From the WashingtonPost.com Fact Checker blog: "I had an uncle who was one of the, um, who was part of the first American troops to go into Auschwitz and liberate the concentration camps. And the story in our family is that when he came home he just went up in the attic and he didn't leave the house for six months."
--Barack Obama, Memorial Day speech, Las Cruces, NM.
In an attempt to burnish his credentials with America's veterans, Barack Obama has frequently talked about his grandfather "who served in Patton's army." He has now added a new episode to his World War II repertoire: the uncle who liberated Auschwitz. Unfortunately, the story shows that the presumptive Democratic nominee has a poor grasp of European history and geography.
UPDATED TUESDAY 5:30 P.M.
Auschwitz is located in southern Poland, near the city of Krakow. It was liberated by the Red Army on January 27, 1945. At the time, U.S. armies were still on the western borders of Germany, a thousand miles away, regrouping after the Battle of the Bulge. The Americans had not even crossed the Rhine at this point.
The Obama campaign now says that Obama was referring to his great-uncle on his mother's side, and the camp in question was not Auschwitz, but Ohrdruf, which was part of the Buchenwald camp system in Lower Saxony. Ohrdruf was the first camp to be liberated by the Americans on April 4, 1945, and it was visited a week later by Generals Eisenhower, Patton, and Bradley. Eisenhower later wrote to his wife that he "never dreamed that such cruelty, bestiality and savagery could really exist in this world."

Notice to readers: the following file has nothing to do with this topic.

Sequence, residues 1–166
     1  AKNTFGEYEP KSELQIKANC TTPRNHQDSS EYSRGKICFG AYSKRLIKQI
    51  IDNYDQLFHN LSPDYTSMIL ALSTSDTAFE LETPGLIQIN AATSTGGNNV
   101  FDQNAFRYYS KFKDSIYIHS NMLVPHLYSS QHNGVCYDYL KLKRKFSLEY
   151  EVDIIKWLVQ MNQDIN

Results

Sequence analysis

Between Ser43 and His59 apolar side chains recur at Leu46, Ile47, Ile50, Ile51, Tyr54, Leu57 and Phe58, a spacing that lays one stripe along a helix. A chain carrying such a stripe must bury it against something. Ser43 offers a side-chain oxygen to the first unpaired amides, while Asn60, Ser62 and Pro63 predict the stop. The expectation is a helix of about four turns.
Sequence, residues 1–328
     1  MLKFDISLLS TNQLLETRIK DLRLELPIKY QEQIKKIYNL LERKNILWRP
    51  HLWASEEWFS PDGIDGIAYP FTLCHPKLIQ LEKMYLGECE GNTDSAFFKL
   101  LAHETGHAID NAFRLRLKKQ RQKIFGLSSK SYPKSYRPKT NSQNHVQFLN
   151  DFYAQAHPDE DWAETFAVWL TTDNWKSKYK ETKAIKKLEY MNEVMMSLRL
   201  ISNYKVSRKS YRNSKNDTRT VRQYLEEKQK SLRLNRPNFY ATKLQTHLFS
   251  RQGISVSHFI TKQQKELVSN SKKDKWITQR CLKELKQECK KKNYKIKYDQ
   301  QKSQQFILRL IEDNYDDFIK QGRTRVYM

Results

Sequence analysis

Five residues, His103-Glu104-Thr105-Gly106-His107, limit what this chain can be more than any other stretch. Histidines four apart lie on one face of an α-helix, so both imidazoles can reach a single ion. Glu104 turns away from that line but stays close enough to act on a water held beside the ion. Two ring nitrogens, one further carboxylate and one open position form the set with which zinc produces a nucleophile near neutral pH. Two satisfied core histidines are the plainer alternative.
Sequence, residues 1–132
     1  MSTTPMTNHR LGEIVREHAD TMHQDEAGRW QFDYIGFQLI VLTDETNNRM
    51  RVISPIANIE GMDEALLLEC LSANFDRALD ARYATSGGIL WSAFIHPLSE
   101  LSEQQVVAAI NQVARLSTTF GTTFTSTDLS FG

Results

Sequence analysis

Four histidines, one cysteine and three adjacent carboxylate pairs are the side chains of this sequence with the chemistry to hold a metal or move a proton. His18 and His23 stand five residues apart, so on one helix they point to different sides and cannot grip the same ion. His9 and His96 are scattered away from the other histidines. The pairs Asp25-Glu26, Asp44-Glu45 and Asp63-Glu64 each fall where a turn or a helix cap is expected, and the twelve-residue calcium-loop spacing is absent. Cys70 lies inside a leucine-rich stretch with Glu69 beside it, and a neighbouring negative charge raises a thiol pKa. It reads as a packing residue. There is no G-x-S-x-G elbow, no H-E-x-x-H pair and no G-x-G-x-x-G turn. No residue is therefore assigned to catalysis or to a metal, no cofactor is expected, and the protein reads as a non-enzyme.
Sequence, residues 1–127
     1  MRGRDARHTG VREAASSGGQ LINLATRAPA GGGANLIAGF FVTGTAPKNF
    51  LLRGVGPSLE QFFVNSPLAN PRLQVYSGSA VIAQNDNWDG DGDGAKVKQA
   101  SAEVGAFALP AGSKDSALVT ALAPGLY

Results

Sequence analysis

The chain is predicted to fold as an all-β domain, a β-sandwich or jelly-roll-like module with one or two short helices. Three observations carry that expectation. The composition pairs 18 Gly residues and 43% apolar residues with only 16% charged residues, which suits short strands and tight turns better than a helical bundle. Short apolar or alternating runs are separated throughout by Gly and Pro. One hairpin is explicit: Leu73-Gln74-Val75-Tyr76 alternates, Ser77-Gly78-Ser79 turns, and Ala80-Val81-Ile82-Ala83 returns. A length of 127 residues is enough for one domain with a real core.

The campaign declined to release the name of Obama's great-uncle, apparently because he is an elderly man who does not want to be disturbed by reporters. Obama spokesman Tommy Vietor said that he served in the 89th Infantry Division which crossed the Rhine river in March 1945.
UPDATE TUESDAY 6 P.M.
The attempt to shield the name of the Obama relative who took part in the liberation of Ohrdruf lasted about an hour. According to the Associated Press, it is Charlie Payne, the brother of Obama's maternal grandmother, Madelyn Lee Payne.
Obama's Auschwitz claim, made during a Memorial Day appearance in New Mexico, was first reported in blog postings by Washington Post reporter Karl Vick and by CBS News. Neither report provided a direct quote, raising the possibility that Obama might have been misquoted. I asked Vick to go back and check his recording of the event.
The above quote is taken from a verbatim transcript. Prior to talking about Auschwitz, Obama mentioned his grandfather (the one in Patton's army), recalling that he did not like talking about the war. This led into a riff on Post Traumatic Stress Disorder, a term that Obama said was unknown during World War II and the Vietnam War. "People basically had to handle it on their own." He gave the example of his uncle who hid away in the attic after liberating Auschwitz.
Granted, it is getting late in the campaign. The candidates are tired, and prone to making silly mistakes. Many Americans might have problems distinguishing Buchenwald and Ohrdruf from Auschwitz. But should we not expect more from a Harvard-educated presidential candidate? Is it too much to ask that an aspiring commander-in-chief knows (1) that Auschwitz (like many of the other Nazi death camps) is in Poland, and (2) that the eastern advance of the U.S. Army in World War II stopped on the river Elbe? Let me know what you think.